The City of Cape Town has approached the South African Police Service (SAPS) to establish a priority committee to investigate protest action amidst an alarming spike in violent demonstrations in the city in recent months. Service delivery protests have erupted across 34 areas, with communities such as Siqalo in Mitchells Plain, Parkwood, Woodlands, Vrygrond the most volatile. Over the past month, aggrieved residents have taken to the streets with their demands, with some resorting to barricading roads, vandalism and looting of shops.
During a meeting with SAPS and members of the provincial cabinet last week, SAPS indicated that there had been 145 protest actions in the first four and a half months of this year compared to 84 during the same period in 2017. This represents a 73% increase in protest incidents that have grown progressively more violent. The City said its own statistics corroborate the trend.
“To discourage people from settling on land that is not suitable for human habitation, the Anti-land Invasion Unit removes, on average, 15 000 illegal structures and/or pegs per annum. However, in the first four months of 2018, that figure is standing at over 26 000,” said the City’s Mayco member for Safety and Security, JP Smith.
115 suspects arrested during the wave of protests have been charged in terms of Section 18 of the Criminal Matters Amendment Act of 2015. The act makes provision for a person convicted of tampering with or damaging essential infrastructure to be imprisoned for a period not exceeding 30 years. SAPS has indicated that they are opposing bail – a position that the City strongly supports. Smith added that the City will continue to take a zero-tolerance approach to attempted land grabs across the metro.
“Invaded land often jeopardises emergency and basic service delivery and a variety of future projects to improve the living conditions of residents. Mostly, residents who invade land are the ones who ultimately have to deal with extreme flood, fire, health and safety risks when settling illegally on land that has not been earmarked for human settlement,” said Smith.
“Vulnerable people are also often asked to pay for ‘plots’ by unscrupulous individuals. These ‘plots’ are in most cases unsuitable for any sort of settlement. Land grabs are also often followed by demands for the installation of underground and other services which could impede the planned upgrade of informal settlements in other areas.”
Smith said the SAPS and the City have deployed hundreds of resources to quell these violent protests, at the “expense of other communities who are robbed of a policing presence”. While the City have yet to quantify the damage, it has most likely to run into tens of millions of rand.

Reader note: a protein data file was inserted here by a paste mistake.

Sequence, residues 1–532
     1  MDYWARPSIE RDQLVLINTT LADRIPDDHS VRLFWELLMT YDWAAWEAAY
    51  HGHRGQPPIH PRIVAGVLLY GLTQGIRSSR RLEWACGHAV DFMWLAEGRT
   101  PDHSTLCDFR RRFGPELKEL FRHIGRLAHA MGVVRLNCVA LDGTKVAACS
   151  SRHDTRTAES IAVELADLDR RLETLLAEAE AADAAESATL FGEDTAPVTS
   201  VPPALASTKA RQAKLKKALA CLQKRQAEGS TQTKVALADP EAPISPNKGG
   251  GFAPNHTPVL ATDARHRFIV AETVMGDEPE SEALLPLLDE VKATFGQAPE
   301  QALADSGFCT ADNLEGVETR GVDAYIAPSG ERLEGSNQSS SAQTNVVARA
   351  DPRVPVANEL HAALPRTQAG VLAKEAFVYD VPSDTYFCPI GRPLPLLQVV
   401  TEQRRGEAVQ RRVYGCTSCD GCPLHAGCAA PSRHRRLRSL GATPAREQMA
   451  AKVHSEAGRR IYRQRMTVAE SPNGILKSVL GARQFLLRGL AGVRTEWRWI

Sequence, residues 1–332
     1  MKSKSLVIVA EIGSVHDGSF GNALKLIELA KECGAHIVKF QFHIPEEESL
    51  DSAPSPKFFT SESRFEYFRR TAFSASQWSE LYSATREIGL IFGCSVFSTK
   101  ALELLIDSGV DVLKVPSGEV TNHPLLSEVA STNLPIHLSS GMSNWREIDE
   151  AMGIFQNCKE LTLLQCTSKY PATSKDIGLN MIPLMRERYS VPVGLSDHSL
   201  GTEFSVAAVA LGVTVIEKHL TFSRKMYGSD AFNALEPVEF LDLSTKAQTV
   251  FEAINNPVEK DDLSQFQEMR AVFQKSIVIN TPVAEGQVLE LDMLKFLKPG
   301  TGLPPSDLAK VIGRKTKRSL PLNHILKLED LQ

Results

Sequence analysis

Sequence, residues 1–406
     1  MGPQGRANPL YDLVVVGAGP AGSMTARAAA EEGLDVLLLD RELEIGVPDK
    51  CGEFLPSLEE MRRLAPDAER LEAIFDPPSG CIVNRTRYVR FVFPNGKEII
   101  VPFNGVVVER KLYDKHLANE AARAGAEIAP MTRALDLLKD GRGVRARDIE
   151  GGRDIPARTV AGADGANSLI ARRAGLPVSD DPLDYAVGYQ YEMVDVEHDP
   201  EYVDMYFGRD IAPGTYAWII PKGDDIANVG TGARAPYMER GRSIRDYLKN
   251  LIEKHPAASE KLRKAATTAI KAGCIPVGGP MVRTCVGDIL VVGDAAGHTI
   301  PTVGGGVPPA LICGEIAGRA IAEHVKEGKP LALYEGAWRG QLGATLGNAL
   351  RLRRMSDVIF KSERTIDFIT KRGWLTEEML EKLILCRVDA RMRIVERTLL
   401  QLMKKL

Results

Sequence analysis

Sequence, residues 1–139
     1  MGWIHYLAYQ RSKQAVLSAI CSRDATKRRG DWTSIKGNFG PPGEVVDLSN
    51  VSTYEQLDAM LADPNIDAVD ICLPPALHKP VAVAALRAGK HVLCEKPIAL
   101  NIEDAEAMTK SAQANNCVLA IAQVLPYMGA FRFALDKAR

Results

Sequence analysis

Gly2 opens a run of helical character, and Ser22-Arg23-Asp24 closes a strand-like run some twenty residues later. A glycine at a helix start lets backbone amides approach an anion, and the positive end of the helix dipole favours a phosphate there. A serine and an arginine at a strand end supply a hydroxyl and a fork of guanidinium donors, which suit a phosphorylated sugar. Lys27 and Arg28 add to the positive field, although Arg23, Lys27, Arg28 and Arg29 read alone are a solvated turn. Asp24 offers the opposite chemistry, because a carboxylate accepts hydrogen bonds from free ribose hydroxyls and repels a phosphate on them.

But protesting residents have raised issues of police brutality during these protests, with many reports of law enforcement officials and SAPS members using rubber bullets and teargas unnecessarily on the crowds.
Smith said the City of Cape Town would support SAPS in terms of public order policing.
“The City understands that there are communities with legitimate service delivery concerns and we continue to work very hard to deliver services within the limitations of our local government mandate and associated budget. It is however becoming more and more apparent that many of these legitimate issues are being hijacked by others with criminal and political intent. We also cannot allow attempts of manipulation to force the hand of government.”
“We respect the right of communities to protest. Legal protests are approved by the City daily in response to applications in terms of the Regulation of Gatherings Act. However, the destruction of public property and infrastructure and placing the lives of others at risk can never be justified and can never be defended”
The looting of businesses during protests amounts to nothing more than simple criminality. said Smith. Some residents have lost their jobs due to illegal and violent protests. He reiterated that the destruction of public infrastructure makes no sense as the budget required to repair and replace destroyed public assets simply delays service delivery and removes budget that could have been used for residents.
But Smith believes it is the onus of private land owners to take all reasonable steps to protect their property from being invaded. He has urged landowners to ensure that interdicts are in place if required; that they follow legal procedures to get trespassing orders in place if need be.
The public can call the Public Emergency Communication Centre on 107 from a landline or on 021 480 7700 from a cell phone to provide anonymous information about land invasions or for further information.